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Hare Indian Dog Breed Information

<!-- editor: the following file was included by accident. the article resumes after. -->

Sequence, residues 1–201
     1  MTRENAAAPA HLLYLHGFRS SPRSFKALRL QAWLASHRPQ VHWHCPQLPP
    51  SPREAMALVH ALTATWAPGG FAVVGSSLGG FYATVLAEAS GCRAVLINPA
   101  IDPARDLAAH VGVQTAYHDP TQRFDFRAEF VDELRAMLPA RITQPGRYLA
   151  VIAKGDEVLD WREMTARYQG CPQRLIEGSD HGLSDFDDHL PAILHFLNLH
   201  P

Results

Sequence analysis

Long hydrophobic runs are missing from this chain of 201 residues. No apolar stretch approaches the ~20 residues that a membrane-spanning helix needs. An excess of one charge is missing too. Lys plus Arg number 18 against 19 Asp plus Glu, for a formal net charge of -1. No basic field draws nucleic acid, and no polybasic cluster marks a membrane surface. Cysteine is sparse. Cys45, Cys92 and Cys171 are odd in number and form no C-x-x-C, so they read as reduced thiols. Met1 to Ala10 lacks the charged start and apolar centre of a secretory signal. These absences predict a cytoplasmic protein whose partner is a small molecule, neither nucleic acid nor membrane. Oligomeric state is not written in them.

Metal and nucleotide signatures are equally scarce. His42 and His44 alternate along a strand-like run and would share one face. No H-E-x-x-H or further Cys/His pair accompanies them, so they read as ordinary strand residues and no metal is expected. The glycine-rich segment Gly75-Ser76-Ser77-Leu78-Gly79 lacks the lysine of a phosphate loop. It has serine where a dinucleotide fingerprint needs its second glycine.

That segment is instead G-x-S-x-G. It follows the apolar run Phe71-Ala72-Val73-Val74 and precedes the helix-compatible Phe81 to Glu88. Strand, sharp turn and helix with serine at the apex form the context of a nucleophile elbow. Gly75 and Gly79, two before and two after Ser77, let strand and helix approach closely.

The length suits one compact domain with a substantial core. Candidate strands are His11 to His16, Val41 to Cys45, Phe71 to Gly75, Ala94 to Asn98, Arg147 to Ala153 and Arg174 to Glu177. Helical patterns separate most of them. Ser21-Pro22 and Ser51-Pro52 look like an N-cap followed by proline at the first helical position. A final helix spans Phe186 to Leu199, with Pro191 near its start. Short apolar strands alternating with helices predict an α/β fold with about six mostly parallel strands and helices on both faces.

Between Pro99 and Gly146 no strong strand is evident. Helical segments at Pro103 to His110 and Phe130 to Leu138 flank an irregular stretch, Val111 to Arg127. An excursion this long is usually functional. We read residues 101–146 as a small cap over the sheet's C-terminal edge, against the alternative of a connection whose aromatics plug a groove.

This is an extinct breed, and was a domestic coyote. This breed was originally developed in Canada. They were swift and also powerful dog. This breed is believed to have extinct in the 19th century. This breed was slender in appearance, with a very small head. They have long muzzle, and small ears, which were pointed. Their tail was bushy and also thick, and was also slightly curled towards the end. Their body is covered with tick as well as long furs, and was mostly available in white colour. Their feet were also covered with long hairs. This breed was very affectionate and also playful. They are loving and caring even towards strangers. They did not enjoy harsh treatments. They were very sensitive breed. They enjoyed the attention and care given to them. They liked to spend their whole time with the family and the master. They were not aggressive around other animals and were also great with children. They were not barkers, but used to howl and growl frequently. They were great hunters. They were god at silently tacking the game. The average height of a healthy Indian hare dogs was 17 inches to 19 inches, and the average weight of this reed was 30 kg to 32 kg. They were very energetic breed, and were also active all the time. They were hard to confine in a space as they tend to get destructive if not properly exercised. As this breed was basically a hunting dog, they got their dose of exercise from chasing and hunting the game along with their master. They were tough dogs and required very less grooming. Their coat was designed to indulge in any terrine. They were strong padded, and hence were quick to climb rocks and small hills. They were a perfect hunterís companion.This breed was prone to many health conditions, which eventually led to their extinction. They were prone to eye infections, tumours and many were killed during hunting. By the beginning of the 19th century, this breed was very hard to find, and none of the organizations bothered to support this breed to survive.



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